The Equal Employment Opportunity Commission ruled that it is illegal for an employer to discriminate against a transgender employee or job applicant because of the person’s gender identity, based on Title VII of the Civil Rights Act of 1964. In light of new identity verification processes, the Social Security Administration will also put an end to a gender verification process that cost many transgender workers their jobs. And Kylar Broadus, founding Executive Director of the Trans People of Color Coalition (TPOCC), became the first openly transgender person to testify in front of the U.S. Senate during a hearing on the Employment Non-Discrimination Act (ENDA).
A letter sent out by the Obama-Biden administration 2010 clarifies that harassment which targets transgender students is forbidden under Title IX of the Education Code. The letter was sent to 15,000 school districts, and federally funded colleges and universities.
So how should we interpret these milestones? Those at Trans United for Obama have pointed out these accomplishments as reasons to urge for Obama’s re-election. Natasha Lennard of Salon, however, dissents. She questions the timing of the remark and points out the ongoing mistreatment of trans women in the criminal justice system, such as in the case of CeCe McDonald. Another not very transgender-friendly point in the administration’s record is the continued exclusion of transgender personnel in the military despite the repeal of Don’t Ask Don’t Tell. But I think Mara Kiesling, the Director of the National Center for Transgender Equality, sums it up best when asked her thoughts on Biden.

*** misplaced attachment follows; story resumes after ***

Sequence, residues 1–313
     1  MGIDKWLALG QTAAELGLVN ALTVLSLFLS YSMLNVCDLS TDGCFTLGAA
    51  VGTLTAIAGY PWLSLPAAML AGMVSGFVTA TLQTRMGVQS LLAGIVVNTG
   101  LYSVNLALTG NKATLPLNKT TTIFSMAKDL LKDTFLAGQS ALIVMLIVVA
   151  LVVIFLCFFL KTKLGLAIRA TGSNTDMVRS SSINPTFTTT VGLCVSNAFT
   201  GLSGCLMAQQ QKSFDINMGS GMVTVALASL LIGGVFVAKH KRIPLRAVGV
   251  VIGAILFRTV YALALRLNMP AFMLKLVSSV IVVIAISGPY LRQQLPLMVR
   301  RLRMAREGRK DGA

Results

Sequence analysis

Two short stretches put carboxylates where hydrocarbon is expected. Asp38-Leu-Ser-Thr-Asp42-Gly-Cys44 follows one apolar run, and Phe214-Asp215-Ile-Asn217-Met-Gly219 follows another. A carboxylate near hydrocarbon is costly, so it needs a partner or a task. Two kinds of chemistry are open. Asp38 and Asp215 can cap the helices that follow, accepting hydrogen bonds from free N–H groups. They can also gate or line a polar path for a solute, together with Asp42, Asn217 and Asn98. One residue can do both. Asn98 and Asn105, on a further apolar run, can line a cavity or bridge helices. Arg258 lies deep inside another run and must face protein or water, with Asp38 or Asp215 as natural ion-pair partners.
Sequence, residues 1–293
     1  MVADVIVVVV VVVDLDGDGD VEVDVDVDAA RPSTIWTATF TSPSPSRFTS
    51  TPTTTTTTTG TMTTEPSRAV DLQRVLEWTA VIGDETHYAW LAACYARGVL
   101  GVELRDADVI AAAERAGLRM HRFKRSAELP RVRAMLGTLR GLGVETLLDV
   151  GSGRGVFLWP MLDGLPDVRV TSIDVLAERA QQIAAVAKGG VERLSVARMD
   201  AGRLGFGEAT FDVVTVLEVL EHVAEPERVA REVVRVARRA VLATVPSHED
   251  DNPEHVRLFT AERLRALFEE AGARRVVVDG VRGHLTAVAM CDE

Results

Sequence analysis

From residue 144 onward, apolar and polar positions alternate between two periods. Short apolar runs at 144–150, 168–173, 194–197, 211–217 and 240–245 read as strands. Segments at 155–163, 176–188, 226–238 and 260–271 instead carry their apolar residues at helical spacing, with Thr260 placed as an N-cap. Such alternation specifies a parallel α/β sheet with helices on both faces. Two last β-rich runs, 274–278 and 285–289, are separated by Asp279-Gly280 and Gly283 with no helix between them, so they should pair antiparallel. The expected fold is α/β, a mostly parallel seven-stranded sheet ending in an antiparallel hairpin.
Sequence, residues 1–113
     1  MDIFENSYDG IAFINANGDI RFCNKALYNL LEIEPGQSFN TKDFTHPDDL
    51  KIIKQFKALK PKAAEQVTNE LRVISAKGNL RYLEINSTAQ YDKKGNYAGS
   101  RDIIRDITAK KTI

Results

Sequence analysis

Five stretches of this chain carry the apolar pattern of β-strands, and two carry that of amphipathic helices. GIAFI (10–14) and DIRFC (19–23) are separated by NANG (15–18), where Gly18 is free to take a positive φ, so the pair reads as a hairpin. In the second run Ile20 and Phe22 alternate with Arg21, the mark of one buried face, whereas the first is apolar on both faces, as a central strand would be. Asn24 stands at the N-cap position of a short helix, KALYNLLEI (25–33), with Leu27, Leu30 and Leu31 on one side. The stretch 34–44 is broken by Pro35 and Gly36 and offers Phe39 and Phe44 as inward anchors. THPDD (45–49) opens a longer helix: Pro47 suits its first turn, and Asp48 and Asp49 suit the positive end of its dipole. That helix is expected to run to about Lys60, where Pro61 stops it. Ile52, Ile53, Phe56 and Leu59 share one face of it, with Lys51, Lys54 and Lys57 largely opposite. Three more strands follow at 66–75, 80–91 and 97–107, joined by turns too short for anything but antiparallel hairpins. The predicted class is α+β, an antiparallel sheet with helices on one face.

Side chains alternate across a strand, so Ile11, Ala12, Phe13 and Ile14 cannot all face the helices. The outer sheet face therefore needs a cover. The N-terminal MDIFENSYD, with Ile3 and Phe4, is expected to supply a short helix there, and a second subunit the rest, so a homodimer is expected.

“I just want to note,” she said, “that right now, civil rights is the civil rights issue of our time. Our civil rights are really under siege for lots of different kinds of people. For the people who are black or who are immigrants or are Latino, senior citizens and for regular old people. There are forces that really want to undermine individual rights and civil rights, whether it’s in the name of profits or the interests of wealthy people and corporations.”
The right to vote is one such right currently under attack. Photo ID requirements for voting and registration “under the pretext of preventing voter fraud” could end up becoming a barrier for immigrants and people from low income backgrounds to vote. Although Reuters reported that voter suppression claims may have been exaggerated by the Democrats, new ID requirements would still disproportionately affect transgender voters.
If there is one thing then that we can take away from Biden’s remark, it is this: A re-elected Obama would give us more hope for greater transgender inclusion and rights, but not without a good fight from advocates and activists.
Author's note: For a global listing of events and vigils commemorating International Transgender Day of Remembrance, please visit http://www.transgenderdor.org/. The International Transgender Day of Remembrance bears witness to those who were killed due to anti-transgender hatred and prejudice. Votingwhiletrans.org provides information on how to protect your right to vote.